August Sauerkraut

The sauerkraut I made in August is almost gone. I still have a little bit of the kraut I made in May but it is mixed in with the daikon and carrot ferment I made in May. I like the kraut that I made in August better than the one I made in May. This time I didn’t include the red pepper flakes, and I added dried dill weed to the seasoning, but other than that it was about the same recipe except I didn’t use an airlock this time – just a cover with saran around top of jar to be sure no pest get in because the wood cover wasn’t tight fit. I keep on counter for three days and then refrigerate, and you can eat it that day. It takes three days for the lacto-bacillus to get a good start to begin the ferment and make probiotics. In the refrigerator it will continue to ferment at a much slower rate. I have a separate refrigerator for my fermented foods and drinks, I keep the temperature a bit higher than the regular refrigerator. Some recipes tell you to keep it out on counter for weeks and even months, I haven’t tried that yet and not sure I ever will. I simulate the old way when they used to put in the cellar that was about 50 degrees by keeping in my ferment refrigerator. I feel it is safer in refrigerator. I have pH test strips and I check for the  pH  of all of my fermented drinks and foods. I use a reference table to verify that the food or drink is at the correct pH so I know it is safe. Remember don’t use table salt – use kosher salt – and don’t cover with cheese cloth because the weave is too big and will let gnats get in. Use a solid weave such as cotton dishcloth or broadcloth. Also cleanliness is critical, I wash jars and implements in hot soapy water, rinse well and then sanitize with pure white vinegar. The vinegar needs to make contact for about 1 minute and shake off excess. Vinegar kills all bacteria – good and bad – the good bacteria, lactobacillus make the healthy ferment and they thrive in the salty acid environment that is low pH below 4.6, whereas bad bacteria can’t live in high acid low pH.  Be sure to check out my cited reference sources in the other articles I wrote – see links below.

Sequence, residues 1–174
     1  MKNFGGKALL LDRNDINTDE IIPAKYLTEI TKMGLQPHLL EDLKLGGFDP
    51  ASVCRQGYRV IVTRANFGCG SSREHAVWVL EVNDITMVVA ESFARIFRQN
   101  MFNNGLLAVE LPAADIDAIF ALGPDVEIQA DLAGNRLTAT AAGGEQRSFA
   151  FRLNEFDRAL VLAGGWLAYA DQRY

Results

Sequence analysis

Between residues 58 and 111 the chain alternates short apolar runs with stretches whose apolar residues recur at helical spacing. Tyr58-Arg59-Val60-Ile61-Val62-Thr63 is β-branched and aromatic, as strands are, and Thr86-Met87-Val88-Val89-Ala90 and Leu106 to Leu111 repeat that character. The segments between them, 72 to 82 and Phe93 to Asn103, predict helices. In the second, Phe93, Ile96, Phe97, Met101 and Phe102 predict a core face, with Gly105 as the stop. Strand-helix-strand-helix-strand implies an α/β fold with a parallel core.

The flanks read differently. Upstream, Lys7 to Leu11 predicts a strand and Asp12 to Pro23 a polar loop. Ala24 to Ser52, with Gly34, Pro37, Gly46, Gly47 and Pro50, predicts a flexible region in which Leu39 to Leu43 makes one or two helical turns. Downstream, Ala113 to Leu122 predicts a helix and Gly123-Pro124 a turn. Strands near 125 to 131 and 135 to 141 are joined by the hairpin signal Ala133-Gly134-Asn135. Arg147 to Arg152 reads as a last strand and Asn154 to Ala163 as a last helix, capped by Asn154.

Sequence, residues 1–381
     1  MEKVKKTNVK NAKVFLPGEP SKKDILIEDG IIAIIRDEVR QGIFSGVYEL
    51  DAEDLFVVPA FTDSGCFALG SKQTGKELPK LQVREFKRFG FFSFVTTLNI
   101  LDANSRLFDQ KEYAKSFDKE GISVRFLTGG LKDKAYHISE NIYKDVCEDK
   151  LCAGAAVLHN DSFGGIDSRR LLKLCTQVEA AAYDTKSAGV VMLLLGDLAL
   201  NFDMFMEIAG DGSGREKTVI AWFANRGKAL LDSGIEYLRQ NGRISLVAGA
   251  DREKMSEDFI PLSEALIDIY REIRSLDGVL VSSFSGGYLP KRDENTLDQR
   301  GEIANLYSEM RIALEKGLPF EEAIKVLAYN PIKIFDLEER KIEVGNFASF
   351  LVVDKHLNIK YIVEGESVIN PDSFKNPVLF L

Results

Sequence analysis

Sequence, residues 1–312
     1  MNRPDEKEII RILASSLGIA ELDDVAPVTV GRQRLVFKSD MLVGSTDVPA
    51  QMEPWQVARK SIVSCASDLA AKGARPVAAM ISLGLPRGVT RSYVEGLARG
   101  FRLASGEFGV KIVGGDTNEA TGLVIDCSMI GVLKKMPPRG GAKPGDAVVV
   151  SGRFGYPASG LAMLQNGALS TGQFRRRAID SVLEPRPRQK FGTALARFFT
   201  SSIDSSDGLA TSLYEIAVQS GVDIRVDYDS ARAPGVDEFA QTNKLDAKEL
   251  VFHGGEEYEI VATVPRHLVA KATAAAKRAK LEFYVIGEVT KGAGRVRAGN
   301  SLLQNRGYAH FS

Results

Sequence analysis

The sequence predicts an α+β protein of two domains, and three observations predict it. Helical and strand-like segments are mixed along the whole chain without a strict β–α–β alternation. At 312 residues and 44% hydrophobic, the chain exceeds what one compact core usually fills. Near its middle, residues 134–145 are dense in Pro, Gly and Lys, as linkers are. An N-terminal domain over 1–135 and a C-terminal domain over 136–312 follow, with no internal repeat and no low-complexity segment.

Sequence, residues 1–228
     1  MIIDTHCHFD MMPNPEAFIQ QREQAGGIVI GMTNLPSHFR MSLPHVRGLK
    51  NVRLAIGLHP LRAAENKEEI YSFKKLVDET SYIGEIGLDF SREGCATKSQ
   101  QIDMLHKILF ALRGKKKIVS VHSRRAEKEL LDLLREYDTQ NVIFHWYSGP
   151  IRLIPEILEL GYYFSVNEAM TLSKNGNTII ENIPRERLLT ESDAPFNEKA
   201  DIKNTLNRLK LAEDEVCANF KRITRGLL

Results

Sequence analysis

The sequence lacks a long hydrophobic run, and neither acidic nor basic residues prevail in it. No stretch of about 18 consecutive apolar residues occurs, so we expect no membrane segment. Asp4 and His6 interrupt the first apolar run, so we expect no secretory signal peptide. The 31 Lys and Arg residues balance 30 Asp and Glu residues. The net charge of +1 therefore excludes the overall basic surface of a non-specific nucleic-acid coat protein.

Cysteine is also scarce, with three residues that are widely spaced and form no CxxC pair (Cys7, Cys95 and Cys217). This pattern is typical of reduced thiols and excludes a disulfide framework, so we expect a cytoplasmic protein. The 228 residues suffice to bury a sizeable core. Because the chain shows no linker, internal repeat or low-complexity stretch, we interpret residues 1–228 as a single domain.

August Sauerkraut

August Sauerkraut is almost gone! To the right side behind the kraut is preserved lemons and limes that I am making and to the left behind kraut is the current ginger starter making in jar. These jars in the picture are half-gallon wide mouth jars.

 

 

 

 

 

 

 

 

 

 

 

 

 

 

 

 

If you missed the May article I wrote – read it here – May Sauerkraut – be sure to click on the reference links for the research I cited.

Here is the book review I did on the Fermentation for Beginners 

Below are more pictures of making August Sauerkraut.

SauerkrautPoundingAug2015

Picture of pounding cabbage and kosher salt with wooden pin releases the natural juice in cabbage, pound well doing a small amount at a time while cutting the cabbage, add a bit more sprinkle kosher salt – pound, repeat.

poundAugCabbage

Picture of pounding cabbage and kosher salt with wooden pin releases the natural juice in cabbage, pound well doing a small amount at a time while cutting the cabbage, add a bit more sprinkle kosher salt – pound, repeat.

AugCabbageFerment

After the cabbage is pounded with kosher salt and seasonings are added and mixed well with wooden pin, the cabbages has released the natural juice in cabbage. I covered with a few whole leaves and push down well so that the cut cabbage is all under the cabbage juice.

 

 

 

 

 

 

 

 

 

 

 

 

 

 

 

 

 

 

 

 

 

 

 

 

 

 

 

 

 

 

 

 

 

 

 

 

 

 

 

 

 

 

 

 

 

 

 

 

 

Below I heated the smoked sausage but not the kraut because when you heat it you kill the probiotics in the ferment; I eat it cold from the refrigerator and it compliments the heated smoked sausage that I heated in a brown ale. It still tastes amazing if you heat it and I’m sure there are still many health benefits even if you do heat it so if you can’t enjoy it cold then by all means – do your own thing.

August Sauerkraut cold from refrigerator served with Kelly's Hardwood Smoked Sausage simmered in Newcastle Brown Ale.

August Sauerkraut cold from refrigerator served with Kelly’s Hardwood Smoked Sausage simmered in Newcastle Brown Ale.

 

 

 

 

 

 

 

 

 

 

 

 

 

 

 

 

Sanitizing research reference

http://www.ext.colostate.edu/pubs/foodnut/kitchen-sanitize.pdf

Other research references:

Ahoy, Pass the Cabbage – History Channel 

Captain James Cook and Preventative Health

Probiotics and their fermented food products are beneficial for health – NCBI

Fermented Fruits and Vegetables, A Global Perspective

 

 

 

 

 

 

 

 

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